I gave myself a real challenge when I posed the theme of France for Iron Craft. I didn’t have any immediate ideas for a project, but knew I wanted it to be something for my new home. I love the texture a grouping of French knots make and thought wouldn’t it be cool to use that texture for pillow, just make the knots really big and plush?!
It came out just as I hoped. I used Lion Brand Wool-Ease Thick and Quick for the yarn because I loved the heathering in the gray. I think it just adds to the texture while staying monochromatic.
You want a super bulky yarn so that you don’t see the mesh through it. You want to end up with a carpet like fabric.
This was actually a really fun project, great for something easy while watching tv in the evenings. Once I got into a rhythm with the knots, I could do about 12″ x 2″ of them in two hours. It took about six evenings for me to finish the top.
Bulky French Knot Pillow
These supplies will make a 12″ x 12″ pillow, but you can easily adapt it to any size you wish.
- 14″ x 14″ piece of #5 mesh (it has 5 grid holes per inch)
- super bulky yarn, I used about 1 1.8″ balls Lion Brand Wool-Ease Thick and Quick about 170 yards
- 13″ x 13″ piece of fabric for backing (I used 100% wool felt.)
- 12″ x 12″ pillow insert
- masking tape (optional)
- yarn needle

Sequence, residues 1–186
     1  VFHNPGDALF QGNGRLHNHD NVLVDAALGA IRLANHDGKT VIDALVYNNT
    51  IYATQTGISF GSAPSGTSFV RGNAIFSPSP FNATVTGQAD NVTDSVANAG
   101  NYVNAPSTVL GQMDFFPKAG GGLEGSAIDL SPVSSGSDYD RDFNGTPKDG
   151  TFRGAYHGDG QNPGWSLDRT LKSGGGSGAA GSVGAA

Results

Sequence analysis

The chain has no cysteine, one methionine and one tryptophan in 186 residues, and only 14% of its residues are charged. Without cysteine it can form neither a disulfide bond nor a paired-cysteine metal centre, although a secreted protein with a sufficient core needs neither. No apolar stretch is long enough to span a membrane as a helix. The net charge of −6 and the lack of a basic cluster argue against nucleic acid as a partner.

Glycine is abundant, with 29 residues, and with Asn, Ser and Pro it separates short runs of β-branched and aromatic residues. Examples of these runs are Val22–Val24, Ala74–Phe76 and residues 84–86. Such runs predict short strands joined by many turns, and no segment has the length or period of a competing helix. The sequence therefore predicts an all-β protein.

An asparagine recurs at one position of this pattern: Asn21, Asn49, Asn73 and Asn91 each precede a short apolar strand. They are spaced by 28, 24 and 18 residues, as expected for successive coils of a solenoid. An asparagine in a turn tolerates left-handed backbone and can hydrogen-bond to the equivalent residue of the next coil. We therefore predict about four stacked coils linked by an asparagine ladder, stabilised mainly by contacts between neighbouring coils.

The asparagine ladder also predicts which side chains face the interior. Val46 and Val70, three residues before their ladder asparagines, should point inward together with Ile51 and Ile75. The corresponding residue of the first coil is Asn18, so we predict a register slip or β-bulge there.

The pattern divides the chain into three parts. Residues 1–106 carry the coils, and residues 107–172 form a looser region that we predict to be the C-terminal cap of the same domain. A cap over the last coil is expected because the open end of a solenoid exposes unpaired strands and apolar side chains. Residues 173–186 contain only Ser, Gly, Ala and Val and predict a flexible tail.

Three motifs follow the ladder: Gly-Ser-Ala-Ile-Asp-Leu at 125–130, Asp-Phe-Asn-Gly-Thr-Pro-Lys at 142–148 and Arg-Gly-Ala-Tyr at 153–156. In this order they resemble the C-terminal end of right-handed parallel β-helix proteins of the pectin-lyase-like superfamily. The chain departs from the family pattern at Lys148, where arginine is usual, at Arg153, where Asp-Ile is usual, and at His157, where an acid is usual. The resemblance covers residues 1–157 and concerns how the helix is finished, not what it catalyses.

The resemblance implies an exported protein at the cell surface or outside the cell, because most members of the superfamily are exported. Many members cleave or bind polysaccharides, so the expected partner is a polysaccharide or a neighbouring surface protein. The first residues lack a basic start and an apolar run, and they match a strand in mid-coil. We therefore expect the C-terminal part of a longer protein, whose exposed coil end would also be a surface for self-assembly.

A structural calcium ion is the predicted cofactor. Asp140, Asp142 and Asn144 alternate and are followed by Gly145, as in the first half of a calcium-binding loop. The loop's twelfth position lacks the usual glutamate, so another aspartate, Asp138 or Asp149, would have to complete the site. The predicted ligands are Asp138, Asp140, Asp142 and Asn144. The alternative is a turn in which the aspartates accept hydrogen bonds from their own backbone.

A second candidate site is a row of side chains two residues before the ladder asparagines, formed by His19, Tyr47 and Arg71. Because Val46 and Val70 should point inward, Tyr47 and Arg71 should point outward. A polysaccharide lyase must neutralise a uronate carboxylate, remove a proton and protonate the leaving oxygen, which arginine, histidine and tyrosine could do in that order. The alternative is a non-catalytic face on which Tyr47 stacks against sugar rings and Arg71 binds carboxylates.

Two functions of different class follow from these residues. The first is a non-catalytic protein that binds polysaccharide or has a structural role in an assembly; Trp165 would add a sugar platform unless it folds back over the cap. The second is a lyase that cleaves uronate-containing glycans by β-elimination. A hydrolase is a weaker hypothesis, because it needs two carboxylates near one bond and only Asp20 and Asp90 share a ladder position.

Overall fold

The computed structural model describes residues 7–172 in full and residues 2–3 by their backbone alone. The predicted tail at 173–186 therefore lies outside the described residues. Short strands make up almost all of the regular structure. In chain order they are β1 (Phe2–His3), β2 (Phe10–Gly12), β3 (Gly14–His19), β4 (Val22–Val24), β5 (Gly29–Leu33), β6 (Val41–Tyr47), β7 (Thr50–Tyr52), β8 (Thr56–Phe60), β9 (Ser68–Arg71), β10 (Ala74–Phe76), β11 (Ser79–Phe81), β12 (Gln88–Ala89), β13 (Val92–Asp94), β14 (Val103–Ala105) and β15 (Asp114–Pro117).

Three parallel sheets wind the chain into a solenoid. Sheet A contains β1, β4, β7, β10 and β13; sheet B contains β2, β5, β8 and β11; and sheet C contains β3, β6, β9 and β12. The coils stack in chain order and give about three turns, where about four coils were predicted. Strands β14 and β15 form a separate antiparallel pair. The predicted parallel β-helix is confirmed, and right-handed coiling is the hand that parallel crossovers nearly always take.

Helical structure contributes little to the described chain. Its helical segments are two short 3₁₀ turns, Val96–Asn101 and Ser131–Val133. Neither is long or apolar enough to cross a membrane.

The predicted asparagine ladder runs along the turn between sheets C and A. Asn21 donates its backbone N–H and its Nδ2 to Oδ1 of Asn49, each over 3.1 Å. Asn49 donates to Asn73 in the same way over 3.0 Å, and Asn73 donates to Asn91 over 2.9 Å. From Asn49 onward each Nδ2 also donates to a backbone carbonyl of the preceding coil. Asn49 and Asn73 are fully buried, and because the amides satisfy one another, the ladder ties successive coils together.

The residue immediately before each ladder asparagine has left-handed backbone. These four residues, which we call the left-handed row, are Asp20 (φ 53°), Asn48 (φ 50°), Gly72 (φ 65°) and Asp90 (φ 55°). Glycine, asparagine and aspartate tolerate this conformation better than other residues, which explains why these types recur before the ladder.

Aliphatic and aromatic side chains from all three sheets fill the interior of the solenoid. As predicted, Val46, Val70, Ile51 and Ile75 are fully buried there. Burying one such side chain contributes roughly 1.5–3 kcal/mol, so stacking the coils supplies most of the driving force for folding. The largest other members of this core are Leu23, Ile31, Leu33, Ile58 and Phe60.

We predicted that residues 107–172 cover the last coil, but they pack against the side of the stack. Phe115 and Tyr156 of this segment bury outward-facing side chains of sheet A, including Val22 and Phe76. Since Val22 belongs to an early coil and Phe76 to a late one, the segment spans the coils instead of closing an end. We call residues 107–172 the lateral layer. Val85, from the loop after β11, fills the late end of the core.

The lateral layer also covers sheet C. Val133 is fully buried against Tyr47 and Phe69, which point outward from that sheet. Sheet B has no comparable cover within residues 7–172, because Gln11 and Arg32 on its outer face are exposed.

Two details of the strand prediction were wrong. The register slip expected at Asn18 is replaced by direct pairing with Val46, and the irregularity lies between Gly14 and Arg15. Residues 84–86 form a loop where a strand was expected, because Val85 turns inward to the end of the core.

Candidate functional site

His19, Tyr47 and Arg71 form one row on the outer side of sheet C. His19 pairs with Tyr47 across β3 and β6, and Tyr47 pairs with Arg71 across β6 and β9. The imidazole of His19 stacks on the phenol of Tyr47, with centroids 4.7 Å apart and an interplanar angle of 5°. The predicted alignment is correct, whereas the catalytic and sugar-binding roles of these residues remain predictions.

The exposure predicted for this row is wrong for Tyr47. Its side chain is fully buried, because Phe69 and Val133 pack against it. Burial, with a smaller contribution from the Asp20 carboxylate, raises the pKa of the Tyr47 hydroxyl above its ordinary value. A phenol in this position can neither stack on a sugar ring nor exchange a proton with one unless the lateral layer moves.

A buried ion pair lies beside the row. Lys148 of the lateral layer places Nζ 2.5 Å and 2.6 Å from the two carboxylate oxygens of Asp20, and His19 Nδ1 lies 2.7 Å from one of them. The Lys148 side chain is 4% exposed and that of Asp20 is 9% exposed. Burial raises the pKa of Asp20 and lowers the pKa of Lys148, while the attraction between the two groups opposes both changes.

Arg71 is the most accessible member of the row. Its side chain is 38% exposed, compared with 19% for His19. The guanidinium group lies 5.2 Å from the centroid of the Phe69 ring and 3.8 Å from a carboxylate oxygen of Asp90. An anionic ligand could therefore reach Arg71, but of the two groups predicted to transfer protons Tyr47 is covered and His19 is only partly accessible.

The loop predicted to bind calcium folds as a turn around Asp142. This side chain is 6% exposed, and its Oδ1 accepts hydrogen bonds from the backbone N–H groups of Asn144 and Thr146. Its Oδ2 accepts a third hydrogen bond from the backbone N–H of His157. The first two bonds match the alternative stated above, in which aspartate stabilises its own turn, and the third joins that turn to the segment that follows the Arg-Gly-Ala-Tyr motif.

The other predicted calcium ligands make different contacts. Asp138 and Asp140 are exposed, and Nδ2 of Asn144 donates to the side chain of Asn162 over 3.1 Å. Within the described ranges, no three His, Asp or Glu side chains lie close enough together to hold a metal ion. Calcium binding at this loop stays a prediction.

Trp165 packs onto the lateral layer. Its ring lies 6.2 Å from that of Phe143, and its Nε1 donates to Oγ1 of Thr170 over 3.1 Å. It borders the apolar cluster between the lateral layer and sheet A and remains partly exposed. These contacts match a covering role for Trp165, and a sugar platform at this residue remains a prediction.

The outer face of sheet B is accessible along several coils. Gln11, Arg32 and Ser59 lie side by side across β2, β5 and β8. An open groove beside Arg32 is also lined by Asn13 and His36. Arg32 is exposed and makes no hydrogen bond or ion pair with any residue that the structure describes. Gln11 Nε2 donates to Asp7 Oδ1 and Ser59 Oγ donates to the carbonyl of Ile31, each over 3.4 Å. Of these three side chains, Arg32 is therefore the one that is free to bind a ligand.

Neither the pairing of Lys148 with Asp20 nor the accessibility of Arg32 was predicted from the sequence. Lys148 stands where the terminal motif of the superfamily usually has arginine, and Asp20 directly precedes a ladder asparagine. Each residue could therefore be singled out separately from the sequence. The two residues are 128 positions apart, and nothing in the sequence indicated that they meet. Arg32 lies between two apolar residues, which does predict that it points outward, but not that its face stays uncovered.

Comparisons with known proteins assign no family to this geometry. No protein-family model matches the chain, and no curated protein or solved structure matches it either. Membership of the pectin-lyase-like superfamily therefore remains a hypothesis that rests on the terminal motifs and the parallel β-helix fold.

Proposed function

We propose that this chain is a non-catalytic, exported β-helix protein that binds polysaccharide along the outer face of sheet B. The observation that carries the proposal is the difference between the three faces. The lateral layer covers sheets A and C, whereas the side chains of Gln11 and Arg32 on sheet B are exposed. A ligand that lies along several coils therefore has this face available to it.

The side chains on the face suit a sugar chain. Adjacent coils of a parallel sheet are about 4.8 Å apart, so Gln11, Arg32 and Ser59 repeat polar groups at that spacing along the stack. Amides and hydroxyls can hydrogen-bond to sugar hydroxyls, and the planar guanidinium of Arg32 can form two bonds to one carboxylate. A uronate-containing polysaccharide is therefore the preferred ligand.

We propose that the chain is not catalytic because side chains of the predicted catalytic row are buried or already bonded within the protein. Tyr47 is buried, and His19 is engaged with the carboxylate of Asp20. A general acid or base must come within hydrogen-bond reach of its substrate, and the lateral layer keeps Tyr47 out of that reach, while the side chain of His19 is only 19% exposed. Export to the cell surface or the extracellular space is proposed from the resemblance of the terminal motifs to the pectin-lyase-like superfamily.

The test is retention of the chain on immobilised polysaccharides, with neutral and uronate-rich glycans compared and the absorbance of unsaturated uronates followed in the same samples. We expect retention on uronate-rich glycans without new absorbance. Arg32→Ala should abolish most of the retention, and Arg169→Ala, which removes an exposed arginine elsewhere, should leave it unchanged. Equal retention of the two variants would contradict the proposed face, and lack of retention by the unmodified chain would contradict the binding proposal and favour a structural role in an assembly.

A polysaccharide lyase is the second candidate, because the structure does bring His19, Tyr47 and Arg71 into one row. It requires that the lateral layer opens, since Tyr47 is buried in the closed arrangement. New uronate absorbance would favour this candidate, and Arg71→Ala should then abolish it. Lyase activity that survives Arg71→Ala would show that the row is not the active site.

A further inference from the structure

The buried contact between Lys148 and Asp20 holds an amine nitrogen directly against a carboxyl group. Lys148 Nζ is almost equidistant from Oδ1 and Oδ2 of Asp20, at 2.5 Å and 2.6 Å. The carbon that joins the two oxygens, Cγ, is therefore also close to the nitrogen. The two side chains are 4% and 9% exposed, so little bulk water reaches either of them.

- matching thread
- hand sewing needle
1. Stitch double French knots on to the mesh – You will be stitching on lines of French knots in the middle 12″ of the mesh leaving an 1″ of empty mesh on all sides. My mesh is marked out in 2″ squares.
Cut a long length of yarn, about a yard or so, thread on to the yarn needle and knot the end.
Pull through a square at one corner.
Wrap the yarn around the needle twice near where it comes through the mesh. The wraps do not need to be super tight around the needle. If they are too tight it will be hard to pull the yarn through and a looser knot will give more texture to the finished piece.
Put the end of the needle into the next square and pull the yarn through to create the French knot. I find it helps to hold the wraps in place with a finger while you are pulling the yarn through. Also, keeping the tail you are pulling through untangled will make it go smoother.
Continue down the row in the same manner until you have done 12″ of knots.
Turn and work back the other way on the next row of squares. When you get to the end of the piece of yarn either knot the end or weave it into the back of the existing stitches, then start with a new length. Work until you have a 12″ x 12″ inch square of knots. Trim the empty mesh to about 1/2″ all the way around for your seam allowance.
2. Sew on backing – Cut your backing fabric to the same size as your knotted front including the seam allowance. Place the front and back together with the right sides facing each other. Hand sew around three sides. (Yes, you could use a sewing machine, but the front is so thick and needs to be pushed aside while you are sewing it. Working on a machine would be tricky and this is a fast sew.)
You want to sew it together just inside the holes containing the last row of knots making each stitch around a bar in the mesh. I like to catch a little of the yarn in each stitch too. Make sure to push the knots away from the seam as you sew.
3. Carefully turn the pillow right side out and slip the pillow insert. Sew the last side shut.
© 2005 – 2013 Kathy Lewinski & Susan Cornish